News / USA

Modern Dads More Engaged in Child Rearing

New York Dads Reflect Trend of More Engaged Fatherhoodi
X
October 09, 2013 10:42 AM
In many countries, more women are moving into the labor force, even in cultures where women with careers were once a rarity. With mothers at work, many families have had to reorganize. One result: some new fathers today are more likely to be involved in child-rearing - either by choice or for practical reasons. VOA’s Carolyn Weaver has more on what experts call a global trend.
Carolyn Weaver
The most dedicated fathers in the world may be the men of the Aka, a nomadic pygmy people of central Africa.

Fathers spend nearly half their time in close contact with their babies, according to Barry Hewlett, an anthropologist at the University of Washington. His book about the Aka, “Intimate Fathers,” describes how mothers remain the primary caregivers but also go hunting frequently - and in the mothers’ absence, Aka fathers cook the meals and let crying babies suckle on their own nipples.

That custom aside, the Aka sound a lot like the fathers in the U.S. and many other countries who have embraced a deeply engaged, affectionate paternal style, spending nearly triple the time caring for their children as fathers in the 1960s did.

Sixteen-month-old Luna Benjoya, for example, toddles around her Brooklyn apartment most weekdays in the care of her father, Dave, a musician and web developer, while her mother teaches school.  Benjoya has found fewer jobs lately, but says he feels lucky.

“I like my work, and when I find work, I’ll pick it up and do it, but how do you compare that to spending all this time with this new person in the world that you love more than anyone? It’s such a gift. I mean, my daughter’s not going to remember what things were like when she was a year old, 16 months, but I’m still connecting with her in a way that’s irreplaceable,” explained Benjoya.

Lance Somerfield, co-founder of a group called NYC Dads, left his job to be an at-home dad when his son was born five years ago - a choice that would have been seen as emasculating for men of his father’s generation, he said.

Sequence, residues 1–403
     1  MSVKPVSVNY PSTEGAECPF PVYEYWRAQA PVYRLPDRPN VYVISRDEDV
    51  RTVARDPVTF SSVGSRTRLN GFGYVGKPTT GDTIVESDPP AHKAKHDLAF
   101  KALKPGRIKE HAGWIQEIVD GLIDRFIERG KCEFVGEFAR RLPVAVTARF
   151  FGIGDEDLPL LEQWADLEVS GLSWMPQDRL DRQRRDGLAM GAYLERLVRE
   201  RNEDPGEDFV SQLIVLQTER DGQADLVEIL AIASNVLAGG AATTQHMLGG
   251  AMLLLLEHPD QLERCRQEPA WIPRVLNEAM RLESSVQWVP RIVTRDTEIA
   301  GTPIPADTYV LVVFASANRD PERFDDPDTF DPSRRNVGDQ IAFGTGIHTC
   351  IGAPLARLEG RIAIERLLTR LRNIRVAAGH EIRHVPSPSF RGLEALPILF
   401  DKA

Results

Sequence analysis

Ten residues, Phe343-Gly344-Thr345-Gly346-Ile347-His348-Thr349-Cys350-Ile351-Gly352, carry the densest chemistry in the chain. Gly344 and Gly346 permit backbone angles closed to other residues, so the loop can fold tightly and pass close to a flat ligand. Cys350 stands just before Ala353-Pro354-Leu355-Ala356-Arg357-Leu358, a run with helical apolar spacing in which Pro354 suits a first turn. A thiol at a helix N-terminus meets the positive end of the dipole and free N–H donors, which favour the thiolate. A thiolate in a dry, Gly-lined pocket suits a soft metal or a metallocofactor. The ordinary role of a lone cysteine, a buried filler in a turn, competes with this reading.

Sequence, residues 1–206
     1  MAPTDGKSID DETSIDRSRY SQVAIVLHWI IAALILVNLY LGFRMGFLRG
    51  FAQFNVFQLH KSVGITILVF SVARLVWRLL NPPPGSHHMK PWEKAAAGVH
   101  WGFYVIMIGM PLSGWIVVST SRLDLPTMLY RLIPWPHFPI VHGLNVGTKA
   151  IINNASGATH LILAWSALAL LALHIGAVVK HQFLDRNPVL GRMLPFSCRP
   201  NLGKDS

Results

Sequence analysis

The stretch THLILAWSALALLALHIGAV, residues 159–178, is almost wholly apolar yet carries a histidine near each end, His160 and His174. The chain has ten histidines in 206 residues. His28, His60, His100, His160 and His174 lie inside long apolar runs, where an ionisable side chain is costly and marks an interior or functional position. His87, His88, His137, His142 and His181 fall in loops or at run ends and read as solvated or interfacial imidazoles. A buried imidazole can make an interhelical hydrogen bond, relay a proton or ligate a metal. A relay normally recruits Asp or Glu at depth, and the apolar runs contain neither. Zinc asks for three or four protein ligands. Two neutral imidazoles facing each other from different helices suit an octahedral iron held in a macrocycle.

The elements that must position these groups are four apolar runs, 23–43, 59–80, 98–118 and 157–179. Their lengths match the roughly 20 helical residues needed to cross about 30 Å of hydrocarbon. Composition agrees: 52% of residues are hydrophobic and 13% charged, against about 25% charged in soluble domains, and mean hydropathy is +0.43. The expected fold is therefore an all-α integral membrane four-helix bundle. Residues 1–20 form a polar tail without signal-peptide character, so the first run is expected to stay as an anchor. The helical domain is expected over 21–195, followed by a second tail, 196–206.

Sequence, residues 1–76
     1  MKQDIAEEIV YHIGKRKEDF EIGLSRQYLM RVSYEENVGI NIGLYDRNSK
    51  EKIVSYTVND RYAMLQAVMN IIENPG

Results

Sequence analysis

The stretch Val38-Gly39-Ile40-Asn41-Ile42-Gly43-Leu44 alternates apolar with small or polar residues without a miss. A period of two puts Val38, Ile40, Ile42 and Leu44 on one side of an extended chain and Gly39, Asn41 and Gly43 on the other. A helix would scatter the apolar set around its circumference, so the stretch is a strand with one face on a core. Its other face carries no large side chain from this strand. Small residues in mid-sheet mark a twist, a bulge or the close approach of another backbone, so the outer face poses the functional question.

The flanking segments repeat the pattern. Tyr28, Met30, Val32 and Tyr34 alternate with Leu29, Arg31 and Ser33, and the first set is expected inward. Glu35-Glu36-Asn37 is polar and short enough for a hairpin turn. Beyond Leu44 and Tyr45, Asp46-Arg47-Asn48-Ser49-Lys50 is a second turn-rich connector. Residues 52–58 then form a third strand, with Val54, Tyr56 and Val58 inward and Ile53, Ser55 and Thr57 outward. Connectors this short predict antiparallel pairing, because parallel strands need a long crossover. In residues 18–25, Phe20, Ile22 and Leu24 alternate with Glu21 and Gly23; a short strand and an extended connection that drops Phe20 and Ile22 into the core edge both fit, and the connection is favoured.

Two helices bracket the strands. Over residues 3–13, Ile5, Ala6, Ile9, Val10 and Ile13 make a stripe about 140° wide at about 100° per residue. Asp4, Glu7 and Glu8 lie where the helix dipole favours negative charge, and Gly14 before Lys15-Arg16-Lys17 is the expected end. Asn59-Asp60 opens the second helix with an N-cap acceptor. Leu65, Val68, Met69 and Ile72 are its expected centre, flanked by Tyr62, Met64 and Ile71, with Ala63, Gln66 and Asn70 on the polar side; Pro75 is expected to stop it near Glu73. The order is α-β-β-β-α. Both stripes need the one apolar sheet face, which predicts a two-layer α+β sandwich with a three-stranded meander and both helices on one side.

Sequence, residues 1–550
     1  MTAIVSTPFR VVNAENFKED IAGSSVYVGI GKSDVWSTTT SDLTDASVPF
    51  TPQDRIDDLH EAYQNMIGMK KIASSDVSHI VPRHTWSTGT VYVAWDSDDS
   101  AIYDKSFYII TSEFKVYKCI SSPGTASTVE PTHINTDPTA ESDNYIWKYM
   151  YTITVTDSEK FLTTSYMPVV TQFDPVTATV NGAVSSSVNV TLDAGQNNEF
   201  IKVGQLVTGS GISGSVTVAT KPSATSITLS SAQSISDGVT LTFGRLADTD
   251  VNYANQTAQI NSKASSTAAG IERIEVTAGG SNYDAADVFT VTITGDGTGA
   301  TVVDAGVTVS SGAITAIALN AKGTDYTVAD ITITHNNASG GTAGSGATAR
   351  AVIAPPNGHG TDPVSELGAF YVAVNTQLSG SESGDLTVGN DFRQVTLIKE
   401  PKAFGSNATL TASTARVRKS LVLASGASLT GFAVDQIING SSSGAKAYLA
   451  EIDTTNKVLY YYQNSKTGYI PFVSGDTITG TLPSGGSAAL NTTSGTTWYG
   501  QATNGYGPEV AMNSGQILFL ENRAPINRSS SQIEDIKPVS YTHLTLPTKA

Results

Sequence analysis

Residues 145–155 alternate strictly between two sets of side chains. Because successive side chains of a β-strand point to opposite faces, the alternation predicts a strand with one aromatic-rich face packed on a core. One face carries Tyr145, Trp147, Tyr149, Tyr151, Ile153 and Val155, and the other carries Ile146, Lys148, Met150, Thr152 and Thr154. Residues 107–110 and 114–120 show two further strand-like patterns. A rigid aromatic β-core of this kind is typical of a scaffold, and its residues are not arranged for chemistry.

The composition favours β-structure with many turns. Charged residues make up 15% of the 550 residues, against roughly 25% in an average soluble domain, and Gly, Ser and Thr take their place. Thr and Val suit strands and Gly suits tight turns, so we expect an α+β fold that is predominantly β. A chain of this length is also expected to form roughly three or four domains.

“My father thought that being the caregiver to me, and the provider of the family, didn’t mean providing hands-on, engaging interaction with me on a daily basis. It meant earning for the family,” he said. “That was the culture back then. These days, I think our cultural assumptions are starting to shift. You see it in pop culture, in the media, commercials, in how dads are portrayed.”

NYC Dads co-founder Matt Schneider agreed. “The difference between even eight years ago and now is pretty astounding,” he noted. “You go to any playground, any doctor’s office, school pickup, you’re going to see a lot of dads very involved with their kids. The role of dads and families, the relationships between moms and dads, is changing by the day, it seems.”

The trend is worldwide, according to Stony Brook University sociologist Michael Kimmel, driven by women’s entry into the workforce, including in some cultures where women with careers once were a rarity.

“All across the world, men are becoming more engaged as fathers, more active as fathers,” said Kimmel, the author of “Guyland,” and “Manhood in America.” “In Japan, in Singapore, in Australia, men are very more highly motivated to be good fathers.”

“Younger men, Generation Y men, are far more family-oriented than previous generations,” he added. “They assume that their wives are going to work outside the home and be committed to their careers, and they assume that they are going to be really involved fathers, dedicated to their families; they’re going to be great dads.”

“In Europe as well, men are far more involved as fathers,” he said. “But there you have government policies that encourage families to balance work and family better: free onsite child care, flexible working hours, parental leave,” Kimmel added.